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Canadian Value
Canadian Value
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John Hussman - Chumps, Champs and Bamboo

November 19, 2013 | About:

“The seed of a bamboo tree is planted, fertilized and watered. Nothing happens for the first year. There´s no sign of growth. Not even a hint. The same thing happens – or doesn´t happen – the second year. And then the third year. The tree is carefully watered and fertilized each year, but nothing shows. No growth. No anything. Then the bamboo tree suddenly sprouts and grows thirty feet in three months.”

― Zig Ziglar

This story is more than a quote about persistence – it’s actually a reasonable description of risk-managed investing. Over the years, I’ve observed that numerous simple risk-managed investment strategies have substantially outperformed the market over the complete market cycle – particularly those that accept market risk in proportion to the estimated return/risk profile associated with prevailing conditions at each point in time. What I may not have done sufficiently is to describe the profile of how that outperformance is typically achieved over the market cycle.

As the workhorse here, let’s go back to the very simple model described in Aligning Market Exposure with the Expected Return/Risk Profile. What follows is not a description of the investment models we use in practice, which involve more numerous considerations and a much broader ensemble of models and methods. The measures presented here are very simple, and while even these conditions are associated with distinctly different average market outcomes, they’re nowhere close to the degree of separation that can be obtained and validated across history with a broader ensemble of evidence.

Without reviewing every detail, recall that this model partitions market conditions based on whether the S&P 500 is above or below its 39-week smoothing (MA39) and whether the Shiller P/E (S&P 500 divided by the 10-year average of inflation-adjusted earnings) is above or below 18. When MA39 is positive and the Shiller P/E is above 18, conditions are further partitioned based on whether or not advisory sentiment (based on Investors Intelligence figures) has featured more than 47% bulls and fewer than 27% bears during the most recent 4-week period. Investment exposure is set in proportion to the average return/risk profile associated with a given set of conditions (technically we use the “Sharpe ratio” – the expected market return in excess of T-bill yields, divided by the standard deviation of returns).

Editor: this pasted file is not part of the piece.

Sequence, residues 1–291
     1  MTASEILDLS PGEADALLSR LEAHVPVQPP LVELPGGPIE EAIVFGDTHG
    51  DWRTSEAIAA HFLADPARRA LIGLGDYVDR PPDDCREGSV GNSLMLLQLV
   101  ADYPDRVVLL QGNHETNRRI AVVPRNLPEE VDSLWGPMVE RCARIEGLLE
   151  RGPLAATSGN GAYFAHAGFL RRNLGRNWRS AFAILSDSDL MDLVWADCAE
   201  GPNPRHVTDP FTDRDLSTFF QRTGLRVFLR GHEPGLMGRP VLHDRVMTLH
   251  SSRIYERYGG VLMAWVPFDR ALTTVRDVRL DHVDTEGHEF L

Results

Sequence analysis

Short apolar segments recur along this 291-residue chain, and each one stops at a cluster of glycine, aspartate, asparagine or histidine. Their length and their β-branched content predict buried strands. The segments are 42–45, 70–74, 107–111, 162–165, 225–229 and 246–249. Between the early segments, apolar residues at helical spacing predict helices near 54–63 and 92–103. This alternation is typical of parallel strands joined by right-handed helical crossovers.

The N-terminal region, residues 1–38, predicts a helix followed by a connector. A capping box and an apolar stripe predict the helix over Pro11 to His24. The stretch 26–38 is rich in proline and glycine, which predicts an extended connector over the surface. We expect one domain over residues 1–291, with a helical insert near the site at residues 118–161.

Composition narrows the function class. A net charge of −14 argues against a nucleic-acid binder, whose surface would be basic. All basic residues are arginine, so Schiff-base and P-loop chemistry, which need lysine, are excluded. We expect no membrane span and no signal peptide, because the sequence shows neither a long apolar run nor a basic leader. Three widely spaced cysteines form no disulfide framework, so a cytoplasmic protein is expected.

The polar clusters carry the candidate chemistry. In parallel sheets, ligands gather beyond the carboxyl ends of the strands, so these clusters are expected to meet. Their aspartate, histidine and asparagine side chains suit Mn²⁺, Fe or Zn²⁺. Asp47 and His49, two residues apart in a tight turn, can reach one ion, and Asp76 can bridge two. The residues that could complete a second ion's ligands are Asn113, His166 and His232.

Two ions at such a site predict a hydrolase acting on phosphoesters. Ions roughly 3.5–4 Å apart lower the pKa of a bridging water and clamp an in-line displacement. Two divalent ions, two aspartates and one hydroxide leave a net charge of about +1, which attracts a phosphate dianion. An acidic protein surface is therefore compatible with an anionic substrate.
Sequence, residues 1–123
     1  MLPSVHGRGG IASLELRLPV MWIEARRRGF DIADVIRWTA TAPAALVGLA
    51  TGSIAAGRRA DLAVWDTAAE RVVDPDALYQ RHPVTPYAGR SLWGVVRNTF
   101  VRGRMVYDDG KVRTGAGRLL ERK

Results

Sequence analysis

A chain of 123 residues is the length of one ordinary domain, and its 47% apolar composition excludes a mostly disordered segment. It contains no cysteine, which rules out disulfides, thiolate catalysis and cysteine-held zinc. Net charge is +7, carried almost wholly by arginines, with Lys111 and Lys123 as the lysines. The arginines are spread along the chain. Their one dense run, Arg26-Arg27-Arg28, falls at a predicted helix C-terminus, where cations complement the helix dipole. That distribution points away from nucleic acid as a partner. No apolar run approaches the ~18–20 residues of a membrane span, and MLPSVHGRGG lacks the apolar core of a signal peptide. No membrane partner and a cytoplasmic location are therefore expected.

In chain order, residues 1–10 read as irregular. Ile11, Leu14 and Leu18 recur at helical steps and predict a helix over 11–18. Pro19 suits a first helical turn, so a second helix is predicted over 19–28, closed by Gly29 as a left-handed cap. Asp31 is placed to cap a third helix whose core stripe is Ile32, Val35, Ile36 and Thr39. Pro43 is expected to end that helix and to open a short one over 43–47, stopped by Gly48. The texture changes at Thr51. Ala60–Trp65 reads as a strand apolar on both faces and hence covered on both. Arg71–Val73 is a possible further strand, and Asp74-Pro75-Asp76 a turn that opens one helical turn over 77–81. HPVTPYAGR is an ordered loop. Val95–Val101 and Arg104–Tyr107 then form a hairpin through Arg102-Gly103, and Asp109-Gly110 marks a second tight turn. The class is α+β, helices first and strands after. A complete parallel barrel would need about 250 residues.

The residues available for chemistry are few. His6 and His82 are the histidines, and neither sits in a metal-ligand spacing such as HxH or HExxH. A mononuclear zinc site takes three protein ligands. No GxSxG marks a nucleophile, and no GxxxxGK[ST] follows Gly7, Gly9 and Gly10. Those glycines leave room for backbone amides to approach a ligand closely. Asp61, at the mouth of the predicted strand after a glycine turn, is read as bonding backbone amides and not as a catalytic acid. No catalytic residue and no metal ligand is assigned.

While a simple trend-following approach using MA39 alone (similar to following the 200-day moving average) has actually slightly underperformed the S&P 500 over time, that trend-following approach has had a fraction of the downside risk of a buy-and-hold strategy, with a maximum loss of about 25%, versus a maximum loss of 55% for a buy-and-hold. By contrast, the very simple Sharpe ratio strategy here has clearly outpaced a pure trend-following approach, with much smaller periodic drawdowns. Note that the chart below is on log-scale. Each horizontal bar represents a 100% difference in cumulative value.


While we view the illustrative model shown here as simplistic and merely adequate, it nicely demonstrates that investors benefit over the long-term by being conscious of trend-following considerations, valuation considerations, and the periodic emergence of overvalued, overbought, overbullish conditions.

To address the elephant in the room directly, I’ll note (as usual) that our own actual experience in 2009- 2010 differed significantly from this model as well as those we actually use in practice. This is because the unwise policy response to the credit crisis resulted in much deeper economic and employment losses than were ever observed in the post-war period, and I insisted on ensuring that we could navigate both post-war and out-of-sample Depression-era data (even though our existing methods had navigated the preceding years quite well). The resulting “miss” in the interim was not a reflection of models or strategy but rather what I saw as a fiduciary obligation.

I should also note that overvalued, overbought, overbullish conditions have been entirely ignored by the markets since late-2011. Those two events – one self-imposed, and the other what I view as a temporary deferral of bad consequences – have left a mark in the rear-view mirror. Still, the windshield is clear, and the key issue is how investors should approach the markets going forward. With no need for further stress-testing in future cycles, and every expectation that overvalued, overbought, overbullish syndromes will continue to bite as sharply as they have in every other complete market cycle, I continue to believe that the future belongs to disciplined investors who adhere to historically-informed strategies.

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Canadian Value

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